By Melissa Silverstein | Women and Hollywood January 24, 2014 at 12:00PM
Born and raised in New Orleans, Nailah Jefferson created the production company Perspective Pictures in March 2010 to tell stories that shed light on little known issues. A month later, the BP oil spill occurred, and Jefferson found the subject of her debut film Vanishing Pearls: the tiny fishing community of Pointe a la Hache, Louisiana.
Before launching her own production company, Nailah worked on numerous productions, including writing and producing the documentary Historically Black, narrated by Samuel L. Jackson, about the legacy of Historically Black Colleges and Universities. She also worked on the PBS three-part series Race: The Power of an Illusion, an exploration of the concept of race.
Vanishing Pearls premiered at the Slamdance Film Festival earlier this month.
Please give us your description of the film.
Vanishing Pearls: The Oystermen of Pointe a la Hache documents the struggles of the residents of Pointe a la Hache, Louisiana, a tight-knit fishing community, as they come together to confront the multinational oil and gas company BP. The oyster fishermen must fight for justice, accountability, and their very existence, following the 2010 Deepwater Horizon oil spill -- one of the worst man-made environmental disasters in U.S. history.
What drew you to this story?
I was born and raised in New Orleans. I have to admit I never really paid too much attention to the bayou communities that pepper Southern Louisiana. However, I've always thought my city was this cultural jewel because of our rich traditions, and our food is a big part of that reputation. Once the spill occurred, and the bayou communities were being inundated with oil, I knew it could have a very negative impact on New Orleans. After all, the seafood New Orleans boasts comes from bayou communities like Pointe a la Hache. That's what initially caught my attention.
An old family friend, Telley Madina, encouraged me to visit Pointe a la Hache, where his family lived. He told me about their fears of the spreading oil spill, and of his father-in-law, Byron Encalade, President of the Louisiana Oystermen Association. Shortly after the spill, I visited Pointe a la Hache for the very first time with just a Flip cam in tow. Once I arrived, I was captivated. The water, the landscape, the people -- all ravishing. I met Byron during that trip and we talked about the history -- those fishing families had been fishing in Gulf waters for over a century -- and just how big of a threat the BP spill and the subsequent cleanup efforts were to his community. That's when I knew I had to make this film.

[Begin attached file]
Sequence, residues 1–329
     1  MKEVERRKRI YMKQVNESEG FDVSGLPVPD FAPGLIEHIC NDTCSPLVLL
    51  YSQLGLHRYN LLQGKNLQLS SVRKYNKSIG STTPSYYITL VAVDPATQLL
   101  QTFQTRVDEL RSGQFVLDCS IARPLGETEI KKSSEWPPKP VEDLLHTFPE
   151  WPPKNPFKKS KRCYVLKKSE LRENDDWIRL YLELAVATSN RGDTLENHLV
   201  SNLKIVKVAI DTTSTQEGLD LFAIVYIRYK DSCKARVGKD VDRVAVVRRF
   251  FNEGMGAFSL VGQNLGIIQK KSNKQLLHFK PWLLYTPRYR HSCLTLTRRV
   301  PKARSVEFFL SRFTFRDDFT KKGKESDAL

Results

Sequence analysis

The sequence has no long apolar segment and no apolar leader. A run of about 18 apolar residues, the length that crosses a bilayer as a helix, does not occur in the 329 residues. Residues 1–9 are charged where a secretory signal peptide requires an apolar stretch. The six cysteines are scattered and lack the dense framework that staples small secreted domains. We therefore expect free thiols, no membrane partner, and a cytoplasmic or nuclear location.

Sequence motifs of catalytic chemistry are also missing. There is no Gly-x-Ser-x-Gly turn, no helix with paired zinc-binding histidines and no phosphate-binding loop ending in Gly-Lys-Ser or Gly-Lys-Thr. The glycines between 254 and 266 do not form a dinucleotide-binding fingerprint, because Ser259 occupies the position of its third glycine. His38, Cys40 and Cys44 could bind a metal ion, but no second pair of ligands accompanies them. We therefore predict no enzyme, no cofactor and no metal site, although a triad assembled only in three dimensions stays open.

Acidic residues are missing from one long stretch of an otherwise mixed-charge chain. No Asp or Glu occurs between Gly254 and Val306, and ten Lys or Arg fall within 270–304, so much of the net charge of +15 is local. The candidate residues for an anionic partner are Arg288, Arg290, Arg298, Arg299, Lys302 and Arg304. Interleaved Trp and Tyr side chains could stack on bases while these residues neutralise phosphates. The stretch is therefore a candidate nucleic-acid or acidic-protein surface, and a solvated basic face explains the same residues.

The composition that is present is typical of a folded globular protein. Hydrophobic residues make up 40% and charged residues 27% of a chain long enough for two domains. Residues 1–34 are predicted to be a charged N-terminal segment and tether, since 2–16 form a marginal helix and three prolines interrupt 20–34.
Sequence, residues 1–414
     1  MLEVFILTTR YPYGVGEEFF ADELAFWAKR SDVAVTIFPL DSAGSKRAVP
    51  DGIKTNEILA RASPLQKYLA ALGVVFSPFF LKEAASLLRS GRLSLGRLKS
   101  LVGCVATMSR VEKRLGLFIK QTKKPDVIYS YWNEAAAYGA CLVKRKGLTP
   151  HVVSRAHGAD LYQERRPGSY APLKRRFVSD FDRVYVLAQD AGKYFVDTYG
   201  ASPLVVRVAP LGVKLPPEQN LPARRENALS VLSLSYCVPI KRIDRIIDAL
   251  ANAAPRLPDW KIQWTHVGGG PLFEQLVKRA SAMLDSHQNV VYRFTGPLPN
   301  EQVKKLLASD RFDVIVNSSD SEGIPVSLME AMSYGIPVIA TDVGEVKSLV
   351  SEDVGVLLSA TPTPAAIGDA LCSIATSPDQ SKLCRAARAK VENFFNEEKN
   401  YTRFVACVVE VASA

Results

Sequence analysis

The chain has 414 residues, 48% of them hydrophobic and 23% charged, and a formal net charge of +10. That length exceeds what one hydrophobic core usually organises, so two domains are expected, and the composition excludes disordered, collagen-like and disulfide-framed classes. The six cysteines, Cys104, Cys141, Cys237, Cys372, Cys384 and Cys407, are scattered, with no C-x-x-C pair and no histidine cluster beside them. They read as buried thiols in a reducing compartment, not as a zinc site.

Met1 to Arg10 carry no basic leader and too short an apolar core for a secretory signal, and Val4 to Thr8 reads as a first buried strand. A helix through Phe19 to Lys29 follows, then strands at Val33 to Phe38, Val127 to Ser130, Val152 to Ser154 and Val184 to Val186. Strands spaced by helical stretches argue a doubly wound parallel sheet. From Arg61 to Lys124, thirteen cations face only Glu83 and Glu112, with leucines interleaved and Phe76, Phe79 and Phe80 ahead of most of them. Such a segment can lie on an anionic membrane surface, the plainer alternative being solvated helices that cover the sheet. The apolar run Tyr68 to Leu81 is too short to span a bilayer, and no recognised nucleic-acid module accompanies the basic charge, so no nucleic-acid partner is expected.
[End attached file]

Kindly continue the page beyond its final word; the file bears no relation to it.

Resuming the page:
I was also saddened by the fact that I was just being introduced to this place as it was on its way to vanishing. I knew we had to tell their story, if not to help save them, then at least to let the world know a place like this once existed.
What was the biggest challenge in making the film?
This is such a complicated story. The biggest challenge was balancing the information and showing how past decisions have directly affected the present situation these fishermen are experiencing. This story really stretches back to the early 1900s when oil and gas exploration began in Gulf waters and started impeding on fishermen's rights to the waters. However, we were able to balance the focus on history and the present situation by allowing the fishermen's voices to tell the story. Staying true to them and their struggle is what Vanishing Pearls is about.
What advice do you have for other female directors?
The best advice I can give is to fight your way to the end. This film took about three and a half years to make, and the process was full of ebbs and flows. Personally, I sometimes allowed hard times to outweigh the good ones and focused on the reasons why this film might not happen. Please fight through those moments. It's absolutely worth it, and in the end you'll have a piece a work you can be proud of because you battled your way through.
What's the biggest misconception about you and your work?
I think the biggest misconception about this film is that we have some vendetta against BP. That's not true. We didn't go searching for problems, [but] these issues are real and they are absolutely leading to the downfall of this community. If BP had kept their word to "make this right," then Vanishing Pearls would not have been the heart-wrenching story that it is. I actually wish it didn't have to be what it became and that this was a more triumphant story. But the truth is that there is a small fishing community in Louisiana named Pointe a la Hache, and it is vanishing.
Do you have any thoughts on what are the biggest challenges and/or opportunities for the future with the changing distribution mechanisms for films?
I think there are a lot of opportunities on the horizon. We've gotten some good feedback and really out-of-the-box ideas when it comes to distributing this film. Whatever plan we go with though, I want to make sure it positions Vanishing Pearls as a springboard to really launch a movement for change and justice in the Gulf Coast communities still suffering from the effects of the BP oil spill.
Name your favorite woman directed film and why.
There are a lot of women in film whom I admire. Many of them raised me through their films, from Penny Marshall's A League of Their Own to Nora Ephron's Sleepless in Seattle. I'd have to say today, my favorite is Kathryn Bigelow and the film is Zero Dark Thirty. Not just the film, which I think was executed flawlessly, but also the story behind the film and all the crap she took in making it and once it was released. You have to be tough as nails to fight through that. She's a great example for female directors -- not only her talent, but her tenacity as well.